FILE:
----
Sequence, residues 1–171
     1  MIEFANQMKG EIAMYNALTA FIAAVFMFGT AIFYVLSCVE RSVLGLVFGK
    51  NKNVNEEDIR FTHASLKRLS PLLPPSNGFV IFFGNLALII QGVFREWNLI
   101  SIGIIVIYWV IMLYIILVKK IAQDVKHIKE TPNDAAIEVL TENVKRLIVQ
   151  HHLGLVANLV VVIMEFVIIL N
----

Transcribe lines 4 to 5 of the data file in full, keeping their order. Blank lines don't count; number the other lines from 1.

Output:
   101  SIGIIVIYWV IMLYIILVKK IAQDVKHIKE TPNDAAIEVL TENVKRLIVQ
   151  HHLGLVANLV VVIMEFVIIL N